Monday, March 19, 2012

Minnesota Politicians and Drunk Driving

Minnesota is considering legislation that would allow their state's politicians to be arrested for drunk driving. From FOX News:
The Minnesota Legislature is expected to vote this week to rescind a get-out-of-jail-free card for state lawmakers who are arrested for drunken driving.

The provision, found in the state constitution, allows lawmakers "privilege from arrest" when they are pulled over by police. According to Article IV, Section 10, of the Minnesota Constitution, "the members of each house in all cases except treason, felony and breach of the peace, shall be privileged from arrest during the session of their respective houses and in going to or returning from the same."

"Back in the 1800s, when our Founding Fathers wrote the constitution, there was a natural fear of political retribution for certain votes and freedoms of speech, that our Founding Fathers wrote this in our constitution for that purpose," said Concordia University political science professor Jayne Jones.

Jones, who has been leading her class through the process as it pushes the Legislature to act, first approached the topic after state Rep. Mark Buesgens was captured on a police dashcam in September 2010 taking a sobriety test. That was three years after state Senate President Jim Metzen received a driving while impaired citation in South St. Paul hours after gaveling the session to a close.

I am normally a very strong believer in immunity for lawmakers. I do not want my legislator arrested or detained and forced to miss a vote on an important bill, especially if the detainment or arrest is politically motivated. However, there are two important differences with this issue. First, drunk driving is a serious matter that can kill others. If I were a lawmaker, I would not want to face the family of a constituent who was killed by a drunk-driving legislator and know that I cast a vote against a bill that might have prevented that accident. Second, if a lawmaker is impaired by alcohol to the point that it affects his or her driving, do we really want that person voting on bills? Perhaps it was "drunk legislating" and "drunk voting" that got us ObamaCare and the CFPB.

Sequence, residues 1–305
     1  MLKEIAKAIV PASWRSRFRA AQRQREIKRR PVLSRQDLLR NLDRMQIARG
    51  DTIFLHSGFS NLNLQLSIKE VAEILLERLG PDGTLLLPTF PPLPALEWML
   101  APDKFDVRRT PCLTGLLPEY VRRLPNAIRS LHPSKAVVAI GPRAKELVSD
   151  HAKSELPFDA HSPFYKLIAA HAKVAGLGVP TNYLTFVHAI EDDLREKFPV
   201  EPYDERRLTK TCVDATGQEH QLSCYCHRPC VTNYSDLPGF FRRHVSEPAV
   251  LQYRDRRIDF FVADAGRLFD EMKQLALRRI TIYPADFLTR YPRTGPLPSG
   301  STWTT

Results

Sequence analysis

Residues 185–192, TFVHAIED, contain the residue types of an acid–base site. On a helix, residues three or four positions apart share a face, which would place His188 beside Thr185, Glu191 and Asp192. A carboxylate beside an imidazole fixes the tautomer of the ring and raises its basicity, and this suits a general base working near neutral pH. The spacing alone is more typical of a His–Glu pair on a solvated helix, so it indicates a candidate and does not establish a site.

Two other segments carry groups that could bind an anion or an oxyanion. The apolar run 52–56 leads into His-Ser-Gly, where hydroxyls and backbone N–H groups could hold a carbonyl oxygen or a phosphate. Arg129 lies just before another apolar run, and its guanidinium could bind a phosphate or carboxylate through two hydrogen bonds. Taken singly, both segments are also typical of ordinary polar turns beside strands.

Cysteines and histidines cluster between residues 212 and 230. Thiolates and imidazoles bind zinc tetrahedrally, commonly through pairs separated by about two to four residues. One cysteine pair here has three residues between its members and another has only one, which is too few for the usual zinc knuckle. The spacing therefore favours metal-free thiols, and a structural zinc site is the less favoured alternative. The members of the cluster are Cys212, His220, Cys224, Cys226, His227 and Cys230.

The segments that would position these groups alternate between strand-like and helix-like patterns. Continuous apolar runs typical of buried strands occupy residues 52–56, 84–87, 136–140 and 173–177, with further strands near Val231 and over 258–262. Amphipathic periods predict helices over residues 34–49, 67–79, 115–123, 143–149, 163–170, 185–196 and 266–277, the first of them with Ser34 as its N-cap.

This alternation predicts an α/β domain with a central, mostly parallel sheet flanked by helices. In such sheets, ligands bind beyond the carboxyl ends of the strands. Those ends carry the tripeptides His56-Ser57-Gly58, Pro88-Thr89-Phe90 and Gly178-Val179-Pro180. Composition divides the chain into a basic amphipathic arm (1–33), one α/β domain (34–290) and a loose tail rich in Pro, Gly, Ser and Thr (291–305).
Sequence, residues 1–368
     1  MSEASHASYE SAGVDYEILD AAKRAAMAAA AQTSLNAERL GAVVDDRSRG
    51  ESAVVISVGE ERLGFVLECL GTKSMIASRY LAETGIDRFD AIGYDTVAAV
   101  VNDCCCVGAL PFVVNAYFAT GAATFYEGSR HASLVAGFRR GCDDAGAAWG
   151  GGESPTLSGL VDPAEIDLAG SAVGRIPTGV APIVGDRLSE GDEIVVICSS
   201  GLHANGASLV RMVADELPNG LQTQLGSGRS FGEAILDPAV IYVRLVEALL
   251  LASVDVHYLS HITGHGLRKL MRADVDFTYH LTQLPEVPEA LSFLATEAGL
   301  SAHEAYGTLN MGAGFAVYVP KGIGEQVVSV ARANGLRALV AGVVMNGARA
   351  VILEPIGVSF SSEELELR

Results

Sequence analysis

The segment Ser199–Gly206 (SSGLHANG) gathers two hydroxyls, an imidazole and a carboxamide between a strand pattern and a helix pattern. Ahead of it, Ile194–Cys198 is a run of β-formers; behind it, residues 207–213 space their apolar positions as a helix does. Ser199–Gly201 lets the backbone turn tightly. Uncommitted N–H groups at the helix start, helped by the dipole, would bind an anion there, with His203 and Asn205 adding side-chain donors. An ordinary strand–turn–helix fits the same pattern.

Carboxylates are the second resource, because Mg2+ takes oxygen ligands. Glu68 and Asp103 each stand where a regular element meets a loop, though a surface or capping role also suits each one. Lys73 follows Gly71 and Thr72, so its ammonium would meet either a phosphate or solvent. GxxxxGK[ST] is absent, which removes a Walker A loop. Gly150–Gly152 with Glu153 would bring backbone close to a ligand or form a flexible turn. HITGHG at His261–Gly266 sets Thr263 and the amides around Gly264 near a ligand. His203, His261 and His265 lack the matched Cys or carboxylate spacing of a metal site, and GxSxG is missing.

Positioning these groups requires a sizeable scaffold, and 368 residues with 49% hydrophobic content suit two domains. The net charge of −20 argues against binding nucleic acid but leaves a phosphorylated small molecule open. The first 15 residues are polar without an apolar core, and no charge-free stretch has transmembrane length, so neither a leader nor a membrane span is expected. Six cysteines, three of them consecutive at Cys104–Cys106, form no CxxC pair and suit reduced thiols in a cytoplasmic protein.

I am not familiar with the specifics of the Minnesota bill, and I would definitely want protections enacted in order to ensure that it cannot be abused for political purposes. One such restriction would be a requirement that a breathalyzer test be above the legal limit. However, with the proper limitations, this is a sensible bill that will protect the people of Minnesota.

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